THE Black Country Plan – which will see more than 7,000 homes built across the area – has been lambasted for being overly complex, inaccessible to many and not properly promoted.

The consultation into the plan, which ended on October 11 and will see homes built on green belt sites across Wolverhampton, Dudley, Walsall, and Sandwell, has sparked a wave of protest.

Its publication has led to concerned residents across the region forming campaign groups in a bid to protect local green belt sites.

In response to the Black Country Plan by Dudley Labour group, Cllr Qadar Zada (Labs, Netherton, Woodside and St Andrew’s) and leader of the opposition, said: “We do not support any development  of any green spaces or green belt in this borough as there are many  options that the council has, which we consider it is deliberately not exploring.”

He says residents consider their green space as ‘too precious’ to be destroyed, with wildlife and leisure important to them. 

He said: “Once a blade of grass is gone, it is gone forever. 

“We also believe that we should accept when Dudley is full, rather than find ways to add additional burden on local residents, infrastructure and services. 

“The council must lead the way by exploring pieces of waste land which exist in the borough […] we understand there are around 1,000 long term empty properties in the borough which could point the way to a solution  that would prevent green belt or green spaces being developed.”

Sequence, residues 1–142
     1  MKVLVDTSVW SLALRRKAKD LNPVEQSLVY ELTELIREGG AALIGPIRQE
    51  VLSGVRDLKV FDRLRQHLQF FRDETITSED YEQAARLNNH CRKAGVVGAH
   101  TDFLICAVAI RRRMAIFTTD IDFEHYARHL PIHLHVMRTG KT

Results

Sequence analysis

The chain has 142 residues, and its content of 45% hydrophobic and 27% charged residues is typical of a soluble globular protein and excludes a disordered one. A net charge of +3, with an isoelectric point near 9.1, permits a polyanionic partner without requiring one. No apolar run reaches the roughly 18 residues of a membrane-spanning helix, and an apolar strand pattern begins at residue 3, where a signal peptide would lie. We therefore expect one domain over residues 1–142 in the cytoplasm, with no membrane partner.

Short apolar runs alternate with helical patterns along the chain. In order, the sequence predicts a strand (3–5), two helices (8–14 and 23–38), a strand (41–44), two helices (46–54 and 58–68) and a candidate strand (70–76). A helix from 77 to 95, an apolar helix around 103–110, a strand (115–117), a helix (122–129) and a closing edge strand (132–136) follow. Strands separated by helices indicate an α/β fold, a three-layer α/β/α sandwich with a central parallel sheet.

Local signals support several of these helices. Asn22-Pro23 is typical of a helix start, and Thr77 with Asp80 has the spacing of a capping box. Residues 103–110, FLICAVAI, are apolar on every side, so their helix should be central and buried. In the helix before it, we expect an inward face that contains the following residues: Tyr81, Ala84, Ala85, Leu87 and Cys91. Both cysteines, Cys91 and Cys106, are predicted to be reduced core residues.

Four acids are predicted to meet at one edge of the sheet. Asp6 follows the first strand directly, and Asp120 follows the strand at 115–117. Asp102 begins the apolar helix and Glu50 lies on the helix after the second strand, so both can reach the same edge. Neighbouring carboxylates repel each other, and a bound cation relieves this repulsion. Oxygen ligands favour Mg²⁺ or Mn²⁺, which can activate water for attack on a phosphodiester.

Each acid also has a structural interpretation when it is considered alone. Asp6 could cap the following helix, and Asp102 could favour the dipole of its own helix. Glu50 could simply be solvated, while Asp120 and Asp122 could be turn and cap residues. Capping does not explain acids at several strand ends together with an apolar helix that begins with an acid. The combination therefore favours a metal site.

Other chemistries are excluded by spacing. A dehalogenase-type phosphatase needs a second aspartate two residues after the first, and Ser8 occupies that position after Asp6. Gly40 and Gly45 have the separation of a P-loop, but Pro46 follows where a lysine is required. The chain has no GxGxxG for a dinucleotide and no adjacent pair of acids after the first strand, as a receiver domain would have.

In response to the consultation, Suzanne Webb MP, Stourbridge, added her opposition to the proposed building of 90 homes at Wollaston Farm and 115 homes on land adjacent to Worcester Lane.

She added that residents had been almost universally negative about the plans when she had spoken to them.

The MP told the consultation that Dudley council needs to operate a brownfield first policy on development and quoted the prime minister Boris Johnson who recently said: “[we should be] building beautiful homes on brownfield land in places that make sense”.

She said: “I believe that the region should adopt a brownfield first policy so these unnecessary proposals can be stopped.

“I have always believed very strongly in building on brownfield sites before any green belt site can be considered. It is my belief that there is more work to be done to identify brownfield sites in the Dudley borough. In this way, the homes earmarked for the sites could be built elsewhere, preserving precious green belt for residents.

“In my view, extra resources deployed to identifying and analysing brownfield sites would considerably outweigh the damage that could be done to green belt land. Evidence has also shown that building on these sites is often quicker than building on green belt sites.”

Suzanne said the two greenbelt areas identified in the draft plan were much-loved and needed green spaces that made a difference to residents’ lives.

“The Wollaston site is a green oasis in an otherwise built-up area. To build here would be to remove access to rare green space in a heavily residential area,” she said.

“In Pedmore, the sites enhance the character of the area. People value the green space dividing Hagley and Pedmore, and many move to the area for its benefits. Similarly, visitors to the area are attracted from nearby Birmingham and Wolverhampton to enjoy the more rural surroundings.”